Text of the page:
One of the really nice things about being sponsored by BabyBjorn is that I don’t lose much sleep over recommending their products. The design and manufacturing are such that I just don’t have to worry about some nightmare Sigg bottle story cropping up and crashing what little good name we have.
I really only had one lingering worry about BabyBjorn, and it’s one I think is probably shared by many parents. It seems like I had heard vague rumblings and rumors that carrying infants in front carriers might be bad for their hips and legs. I’m not sure I ever saw a study or heard a specific claim, but it’s the kind of thing you might hear from somebody who is a real sling fanatic (I’m not anti-sling, we used one on occasion). I just had a nagging worry that front carriers might have some negative effect.
To address this issue BabyBjorn invited Dr, Amanda Weiss-Kelly, a pediatric sports medicine specialist (among other things) at the Rainbow Babies and Children’s Hospital in Cleveland to come to the ABC Kids Expo in Vegas to deliver a talk.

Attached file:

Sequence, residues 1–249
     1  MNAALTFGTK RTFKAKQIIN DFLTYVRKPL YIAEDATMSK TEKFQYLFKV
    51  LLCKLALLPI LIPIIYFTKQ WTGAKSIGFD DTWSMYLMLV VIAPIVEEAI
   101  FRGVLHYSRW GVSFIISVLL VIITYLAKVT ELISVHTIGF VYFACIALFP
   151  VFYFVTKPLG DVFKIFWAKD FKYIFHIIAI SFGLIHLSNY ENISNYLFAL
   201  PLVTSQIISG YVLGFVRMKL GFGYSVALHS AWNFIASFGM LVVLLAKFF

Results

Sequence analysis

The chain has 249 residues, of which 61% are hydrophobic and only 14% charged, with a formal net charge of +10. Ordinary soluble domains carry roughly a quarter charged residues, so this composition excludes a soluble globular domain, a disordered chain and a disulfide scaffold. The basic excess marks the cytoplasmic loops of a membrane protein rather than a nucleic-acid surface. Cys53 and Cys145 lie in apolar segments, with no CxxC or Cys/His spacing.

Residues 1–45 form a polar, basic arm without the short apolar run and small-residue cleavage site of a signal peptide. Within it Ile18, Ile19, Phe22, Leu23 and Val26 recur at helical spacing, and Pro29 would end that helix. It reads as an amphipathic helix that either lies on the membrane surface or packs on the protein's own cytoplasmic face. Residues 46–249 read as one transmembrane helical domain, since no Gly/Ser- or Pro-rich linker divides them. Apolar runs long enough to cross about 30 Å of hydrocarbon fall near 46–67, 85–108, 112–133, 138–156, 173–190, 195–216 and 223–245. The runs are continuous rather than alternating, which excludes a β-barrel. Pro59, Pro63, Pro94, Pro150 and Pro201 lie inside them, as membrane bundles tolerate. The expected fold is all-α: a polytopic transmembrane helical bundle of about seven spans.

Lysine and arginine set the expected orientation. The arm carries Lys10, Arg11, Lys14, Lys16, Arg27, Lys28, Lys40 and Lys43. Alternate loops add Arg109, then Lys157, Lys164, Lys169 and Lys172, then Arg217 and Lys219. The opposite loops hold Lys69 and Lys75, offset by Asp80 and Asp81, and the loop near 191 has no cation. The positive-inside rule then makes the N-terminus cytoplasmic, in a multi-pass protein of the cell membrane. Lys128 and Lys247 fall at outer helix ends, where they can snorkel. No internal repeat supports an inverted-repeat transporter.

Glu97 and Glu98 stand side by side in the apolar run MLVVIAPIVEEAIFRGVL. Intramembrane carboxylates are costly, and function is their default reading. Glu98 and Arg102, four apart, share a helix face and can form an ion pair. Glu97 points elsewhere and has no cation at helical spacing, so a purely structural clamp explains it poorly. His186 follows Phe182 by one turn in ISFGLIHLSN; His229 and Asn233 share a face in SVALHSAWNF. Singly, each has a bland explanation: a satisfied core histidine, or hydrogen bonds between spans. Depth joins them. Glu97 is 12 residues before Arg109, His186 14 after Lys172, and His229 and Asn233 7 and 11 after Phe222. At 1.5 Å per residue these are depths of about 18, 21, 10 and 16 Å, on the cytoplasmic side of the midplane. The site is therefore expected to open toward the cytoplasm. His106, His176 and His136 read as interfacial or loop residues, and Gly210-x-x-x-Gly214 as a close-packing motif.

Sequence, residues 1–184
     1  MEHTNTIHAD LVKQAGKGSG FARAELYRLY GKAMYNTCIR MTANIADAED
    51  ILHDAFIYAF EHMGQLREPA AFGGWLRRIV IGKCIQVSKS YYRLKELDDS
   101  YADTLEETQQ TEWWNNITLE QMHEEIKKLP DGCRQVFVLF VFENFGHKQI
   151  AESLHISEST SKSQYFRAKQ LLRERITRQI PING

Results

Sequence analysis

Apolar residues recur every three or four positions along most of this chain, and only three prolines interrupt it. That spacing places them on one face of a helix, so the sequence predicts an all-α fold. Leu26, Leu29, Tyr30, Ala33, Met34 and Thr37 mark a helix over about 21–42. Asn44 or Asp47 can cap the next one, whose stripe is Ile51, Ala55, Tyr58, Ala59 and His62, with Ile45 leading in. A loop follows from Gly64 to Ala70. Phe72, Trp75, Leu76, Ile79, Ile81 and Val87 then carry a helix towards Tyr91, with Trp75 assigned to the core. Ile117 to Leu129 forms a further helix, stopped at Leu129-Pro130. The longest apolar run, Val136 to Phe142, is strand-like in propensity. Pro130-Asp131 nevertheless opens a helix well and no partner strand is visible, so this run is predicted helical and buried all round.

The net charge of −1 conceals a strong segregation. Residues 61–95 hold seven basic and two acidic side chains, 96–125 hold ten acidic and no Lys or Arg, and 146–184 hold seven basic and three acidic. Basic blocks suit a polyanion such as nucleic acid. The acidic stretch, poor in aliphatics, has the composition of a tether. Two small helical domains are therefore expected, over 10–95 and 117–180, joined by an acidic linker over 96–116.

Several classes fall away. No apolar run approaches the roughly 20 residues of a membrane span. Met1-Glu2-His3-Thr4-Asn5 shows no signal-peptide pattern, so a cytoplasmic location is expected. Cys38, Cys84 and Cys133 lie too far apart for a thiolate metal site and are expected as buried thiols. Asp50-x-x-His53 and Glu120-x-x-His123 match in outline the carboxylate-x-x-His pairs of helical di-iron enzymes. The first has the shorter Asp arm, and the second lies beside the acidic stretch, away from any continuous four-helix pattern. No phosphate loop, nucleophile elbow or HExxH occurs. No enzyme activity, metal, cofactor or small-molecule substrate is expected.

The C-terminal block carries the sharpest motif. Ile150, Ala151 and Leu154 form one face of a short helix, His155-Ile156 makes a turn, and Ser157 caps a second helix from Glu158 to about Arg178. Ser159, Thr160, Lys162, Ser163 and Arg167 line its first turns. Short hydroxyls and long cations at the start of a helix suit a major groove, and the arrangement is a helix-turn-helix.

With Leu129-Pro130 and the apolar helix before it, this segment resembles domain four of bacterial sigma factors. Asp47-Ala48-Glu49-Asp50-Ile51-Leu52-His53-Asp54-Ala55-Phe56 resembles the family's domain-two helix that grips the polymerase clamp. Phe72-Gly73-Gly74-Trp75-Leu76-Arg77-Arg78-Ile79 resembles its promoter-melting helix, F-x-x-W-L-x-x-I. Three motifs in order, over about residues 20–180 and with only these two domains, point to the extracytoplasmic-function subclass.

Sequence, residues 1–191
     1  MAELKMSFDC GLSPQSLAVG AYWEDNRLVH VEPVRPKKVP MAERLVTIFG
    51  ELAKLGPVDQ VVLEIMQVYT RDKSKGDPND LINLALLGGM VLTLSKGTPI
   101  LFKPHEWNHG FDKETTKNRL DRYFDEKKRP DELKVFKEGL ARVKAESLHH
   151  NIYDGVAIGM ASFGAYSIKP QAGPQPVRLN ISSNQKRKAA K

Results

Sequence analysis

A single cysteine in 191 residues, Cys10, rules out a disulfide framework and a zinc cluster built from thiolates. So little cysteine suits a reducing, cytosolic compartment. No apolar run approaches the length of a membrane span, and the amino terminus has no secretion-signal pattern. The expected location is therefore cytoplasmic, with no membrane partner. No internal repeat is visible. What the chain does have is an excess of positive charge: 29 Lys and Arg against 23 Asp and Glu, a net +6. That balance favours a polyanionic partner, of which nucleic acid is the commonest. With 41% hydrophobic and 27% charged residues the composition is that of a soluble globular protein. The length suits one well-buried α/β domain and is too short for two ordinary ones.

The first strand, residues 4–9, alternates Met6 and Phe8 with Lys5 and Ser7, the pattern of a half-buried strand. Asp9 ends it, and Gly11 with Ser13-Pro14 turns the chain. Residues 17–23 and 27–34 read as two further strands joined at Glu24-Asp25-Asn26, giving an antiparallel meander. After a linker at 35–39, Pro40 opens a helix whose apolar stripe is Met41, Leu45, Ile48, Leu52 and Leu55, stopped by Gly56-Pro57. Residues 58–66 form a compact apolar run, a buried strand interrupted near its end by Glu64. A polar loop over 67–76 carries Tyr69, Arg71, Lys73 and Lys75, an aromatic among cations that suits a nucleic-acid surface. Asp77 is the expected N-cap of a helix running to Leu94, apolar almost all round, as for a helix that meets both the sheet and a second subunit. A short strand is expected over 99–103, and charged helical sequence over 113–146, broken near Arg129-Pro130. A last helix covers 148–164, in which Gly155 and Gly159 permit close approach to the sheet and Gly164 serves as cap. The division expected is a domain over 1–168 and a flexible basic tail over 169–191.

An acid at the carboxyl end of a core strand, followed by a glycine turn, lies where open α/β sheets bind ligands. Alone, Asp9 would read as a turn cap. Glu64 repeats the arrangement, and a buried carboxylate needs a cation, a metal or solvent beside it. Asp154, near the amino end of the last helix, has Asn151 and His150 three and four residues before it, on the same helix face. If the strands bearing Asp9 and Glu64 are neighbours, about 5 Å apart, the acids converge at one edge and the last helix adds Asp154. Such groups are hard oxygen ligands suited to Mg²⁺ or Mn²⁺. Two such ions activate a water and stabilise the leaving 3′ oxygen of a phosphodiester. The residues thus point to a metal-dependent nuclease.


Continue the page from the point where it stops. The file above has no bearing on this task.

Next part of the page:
Her first topic, after giving some background on what the amazing Rainbow Babies, was typical hip and spine concerns among newborns and infants. The more prevalent is developmental dysplasia. Yes, dysplasia is not just for German Shepherds any more. I know this first hand because my eldest, Bubba, was a preemie and had a bit of dysplasia. For preemies, sometimes the hip joint has not completely closed at birth and this can become an issue. Bubba’s hip had closed by the time of his follow up visit, so he did not require therapy or treatment.
Dr. Weiss-Kelly did a good job of describing what that treatment would have been: a harness that held the baby in a position that kept both legs flexed and abducted — that is slightly bent and open. She put a slide of the harness up on the screen — and to my highly untrained and unmedical eye — it looked a lot like a BabyBjorn baby carrier. The position was very similar.